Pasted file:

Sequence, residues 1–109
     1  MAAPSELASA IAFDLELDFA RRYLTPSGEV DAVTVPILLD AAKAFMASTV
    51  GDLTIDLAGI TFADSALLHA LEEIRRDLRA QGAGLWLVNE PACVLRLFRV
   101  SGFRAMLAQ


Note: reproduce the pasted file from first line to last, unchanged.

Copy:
Sequence, residues 1–109
     1  MAAPSELASA IAFDLELDFA RRYLTPSGEV DAVTVPILLD AAKAFMASTV
    51  GDLTIDLAGI TFADSALLHA LEEIRRDLRA QGAGLWLVNE PACVLRLFRV
   101  SGFRAMLAQ